As Donald Trump would say, “It’s yuge!”
Have you ever wondered how massive our Milky Way Galaxy is? As you can image it’s pretty darn heavy. And even though scientists have a rough estimate of its mass, Gwendolyn Eadie, a doctoral student from McMaster University in Hamilton, Canada, is getting closer to a more precise and accurate answer.
Based on current measurements, the Milky Way Galaxy weighs in at around 700,000,000,000 solar masses, or in other words, the mass of our sun multiplied by 700 billion. To put that into perspective, the mass of the sun is two nonillion (2 followed by 30 zeros) kilograms, or 330,000 times the mass of Earth. Whoa.
And the crazy thing is, "our galaxy isn't even the biggest galaxy," Eadie said in a press release.
So how does one go about measuring something so enormous? First, you have to remember that galaxies not only include stars, planets, moons, gases, dust, and other objects and material, they also contain a good chunk of dark matter — the mysterious and invisible substance than makes up about 27 percent of the universe. And even though dark matter has remained elusive, astronomers know it exists based on its gravitational influence on visible objects, and they can use this information to infer a mass.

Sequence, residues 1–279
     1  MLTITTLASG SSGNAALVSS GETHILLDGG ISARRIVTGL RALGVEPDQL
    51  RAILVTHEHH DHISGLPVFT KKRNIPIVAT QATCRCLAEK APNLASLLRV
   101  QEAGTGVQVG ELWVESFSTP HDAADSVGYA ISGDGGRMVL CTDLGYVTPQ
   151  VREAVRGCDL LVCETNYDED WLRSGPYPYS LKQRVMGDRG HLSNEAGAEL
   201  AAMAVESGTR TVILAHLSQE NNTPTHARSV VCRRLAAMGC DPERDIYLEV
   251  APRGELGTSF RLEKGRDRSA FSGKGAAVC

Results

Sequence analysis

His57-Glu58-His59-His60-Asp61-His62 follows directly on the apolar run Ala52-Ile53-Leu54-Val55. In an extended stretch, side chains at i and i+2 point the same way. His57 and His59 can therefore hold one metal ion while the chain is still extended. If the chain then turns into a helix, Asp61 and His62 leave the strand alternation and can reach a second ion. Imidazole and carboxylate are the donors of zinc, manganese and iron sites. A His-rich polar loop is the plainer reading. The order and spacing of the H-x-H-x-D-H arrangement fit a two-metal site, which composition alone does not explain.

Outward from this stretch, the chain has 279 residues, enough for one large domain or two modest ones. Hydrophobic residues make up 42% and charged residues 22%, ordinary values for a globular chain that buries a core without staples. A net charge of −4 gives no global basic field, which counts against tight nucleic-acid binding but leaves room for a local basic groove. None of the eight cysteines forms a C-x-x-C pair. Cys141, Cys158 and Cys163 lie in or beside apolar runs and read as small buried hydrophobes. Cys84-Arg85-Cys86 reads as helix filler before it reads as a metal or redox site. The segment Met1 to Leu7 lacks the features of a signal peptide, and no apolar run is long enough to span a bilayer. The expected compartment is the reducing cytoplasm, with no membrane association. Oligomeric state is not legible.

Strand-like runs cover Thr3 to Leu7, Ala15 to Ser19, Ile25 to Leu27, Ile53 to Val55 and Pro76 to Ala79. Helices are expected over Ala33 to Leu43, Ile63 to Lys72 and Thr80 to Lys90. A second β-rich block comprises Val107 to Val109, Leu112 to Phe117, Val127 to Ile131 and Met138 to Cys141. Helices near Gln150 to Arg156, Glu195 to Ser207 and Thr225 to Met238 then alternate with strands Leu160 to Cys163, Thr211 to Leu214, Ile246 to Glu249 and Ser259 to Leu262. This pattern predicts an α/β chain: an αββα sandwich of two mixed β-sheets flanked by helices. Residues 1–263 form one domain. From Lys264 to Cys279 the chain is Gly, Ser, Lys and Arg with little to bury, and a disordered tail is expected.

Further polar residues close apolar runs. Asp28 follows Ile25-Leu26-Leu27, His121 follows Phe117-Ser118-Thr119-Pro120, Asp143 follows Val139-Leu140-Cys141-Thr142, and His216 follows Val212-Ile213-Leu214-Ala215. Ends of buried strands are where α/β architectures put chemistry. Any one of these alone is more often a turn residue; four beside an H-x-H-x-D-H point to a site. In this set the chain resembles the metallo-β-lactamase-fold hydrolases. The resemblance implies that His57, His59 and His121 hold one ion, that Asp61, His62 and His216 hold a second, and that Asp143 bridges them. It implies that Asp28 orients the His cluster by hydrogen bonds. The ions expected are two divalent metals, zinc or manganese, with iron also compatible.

To measure the Milky Way’s mass, Eadie is using the velocities of globular star clusters — spherical collection of stars — that orbit our galaxy. The orbits of these clusters are determined by the Milky Way’s gravity, which is largely determined by how much dark matter it contains. But what’s new about Eadie’s research is the technique she developed for using the globular cluster velocities.
To determine the total velocity of a cluster, it has to be measured in two directions: one along our line-of-sight (a straight unobstructed view), and the other across the plane of the sky (perpendicular to the line of sight). Unfortunately, researchers have not been able to measure the exact orbits of all the globular clusters surrounding the Milky Way.
This is where Eadie’s new technique comes in. She developed a way to use partially known cluster velocities, in addition to the fully known ones, to estimate the mass of the Milky Way. The method considers that dark and visible matter have different distributions in space. "Every so often I think, 'I'm measuring the mass of the Milky Way.' That's pretty neat." Eadie said.
Eadie, along with her academic supervisor William Harris, a professor of Physics and Astronomy at McMaster, co-authored a paper on their work, which has been submitted to the Astrophysical Journal.
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